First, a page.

When EVGA showed me that it was entering the world of gaming notebooks at CES in January, I must admit, I questioned the move. A company that, at one point, only built and distributed graphics cards based on NVIDIA GeForce GPUs had moved to mice, power supplies, tablets (remember that?) and even cases, was going to get into the cutthroat world of notebooks. But I was promised that EVGA had an angle; it would not be cutting any corners in order to bring a truly competitive and aggressive product to the market.
Just a couple of short months later (seriously, is it the end of March already?) EVGA presented us with a shiny new SC17 Gaming Notebook to review. It’s thinner than you might expect, heavier than I would prefer and packs some impressive compute power, along with unique features and overclocking capability, that will put it on your short list of portable gaming rigs for 2016.
Let’s start with a dive into the spec table and then go from there.
|EVGA SC17 Specifications|
|Processor||Intel Core i7-6820HK|
|Memory||32GB G.Skill DDR4-2666|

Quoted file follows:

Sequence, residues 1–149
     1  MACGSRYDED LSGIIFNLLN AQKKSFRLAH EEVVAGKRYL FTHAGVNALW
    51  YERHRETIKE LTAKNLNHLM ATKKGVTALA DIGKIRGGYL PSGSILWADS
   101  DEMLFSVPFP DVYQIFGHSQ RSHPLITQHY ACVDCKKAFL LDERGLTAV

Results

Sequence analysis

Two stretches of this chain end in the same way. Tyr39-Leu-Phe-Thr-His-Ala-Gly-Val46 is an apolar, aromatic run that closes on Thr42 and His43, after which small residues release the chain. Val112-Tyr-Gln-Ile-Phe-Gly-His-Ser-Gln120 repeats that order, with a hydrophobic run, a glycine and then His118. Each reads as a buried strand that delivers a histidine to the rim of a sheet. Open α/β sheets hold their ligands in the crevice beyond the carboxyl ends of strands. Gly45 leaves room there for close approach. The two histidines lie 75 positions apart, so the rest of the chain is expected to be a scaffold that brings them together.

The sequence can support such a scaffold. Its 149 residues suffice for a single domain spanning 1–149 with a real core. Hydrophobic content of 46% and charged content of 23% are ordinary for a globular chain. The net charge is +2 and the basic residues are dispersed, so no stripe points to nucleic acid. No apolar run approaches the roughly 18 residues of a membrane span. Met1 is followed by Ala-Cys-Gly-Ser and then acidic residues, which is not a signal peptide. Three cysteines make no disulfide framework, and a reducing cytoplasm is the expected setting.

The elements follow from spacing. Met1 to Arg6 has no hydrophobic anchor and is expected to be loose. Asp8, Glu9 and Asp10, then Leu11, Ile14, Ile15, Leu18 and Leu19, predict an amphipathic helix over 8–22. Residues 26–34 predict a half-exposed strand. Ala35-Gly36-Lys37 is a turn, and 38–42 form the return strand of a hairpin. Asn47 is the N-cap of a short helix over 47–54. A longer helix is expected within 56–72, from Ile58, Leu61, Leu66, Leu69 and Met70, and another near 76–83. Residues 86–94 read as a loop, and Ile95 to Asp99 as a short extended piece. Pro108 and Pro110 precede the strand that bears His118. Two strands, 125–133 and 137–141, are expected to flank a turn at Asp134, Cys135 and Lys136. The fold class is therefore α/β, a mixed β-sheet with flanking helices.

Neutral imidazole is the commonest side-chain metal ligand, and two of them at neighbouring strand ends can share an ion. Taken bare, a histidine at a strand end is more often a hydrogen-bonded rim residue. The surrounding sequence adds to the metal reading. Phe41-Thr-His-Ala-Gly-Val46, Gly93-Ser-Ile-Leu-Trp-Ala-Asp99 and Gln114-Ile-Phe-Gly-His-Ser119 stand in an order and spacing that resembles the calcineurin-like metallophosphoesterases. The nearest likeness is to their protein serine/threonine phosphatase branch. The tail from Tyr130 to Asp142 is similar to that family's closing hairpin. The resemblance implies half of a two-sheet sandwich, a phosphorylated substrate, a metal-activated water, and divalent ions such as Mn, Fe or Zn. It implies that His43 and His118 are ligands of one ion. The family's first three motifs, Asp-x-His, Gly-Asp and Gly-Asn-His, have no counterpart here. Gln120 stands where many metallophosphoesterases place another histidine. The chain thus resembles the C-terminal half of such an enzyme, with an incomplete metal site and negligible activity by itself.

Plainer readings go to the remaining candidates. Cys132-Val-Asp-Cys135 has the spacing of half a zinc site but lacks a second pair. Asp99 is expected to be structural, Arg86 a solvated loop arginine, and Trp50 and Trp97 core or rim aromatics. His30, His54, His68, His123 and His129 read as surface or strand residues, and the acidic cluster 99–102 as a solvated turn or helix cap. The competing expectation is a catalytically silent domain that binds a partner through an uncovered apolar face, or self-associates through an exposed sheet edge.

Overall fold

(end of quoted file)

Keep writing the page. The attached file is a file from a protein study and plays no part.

|Graphics Card||GeForce GTX 980M 8GB|
|Storage||256GB M.2 NVMe PCIe SSD
1TB 7200 RPM SATA 6G HDD
|Display||Sharp 17.3 inch UDH 4K with matte finish|
|Connectivity||Intel 219-V Gigabit Ethernet
Intel AC-8260 802.11ac
2x USB 3.0 Type-A
1x USB 3.1 Type-C
|Audio||Realtek ALC 255
|Video||1x HDMI 1.4
2x mini DisplayPort (1x G-Sync support)
|Dimensions||16-in x 11.6-in x 1.05-in|
|OS||Windows 10 Home|
With a price tag of $2,699, EVGA owes you a lot – and it delivers! The processor of choice is the Intel Core i7-6820HK, an unlocked, quad-core, HyperThreaded processor that brings desktop class computing capability to a notebook. The base clock speed is 2.7 GHz but the Turbo clock reaches as high as 3.6 GHz out of the box, supplying games, rendering programs and video editors plenty of horsepower for production on the go. And don’t forget that this is one of the first unlocked processors from Intel for mobile computing – multipliers and voltages can all be tweaked in the UEFI or through Precision X Mobile software to push it even further.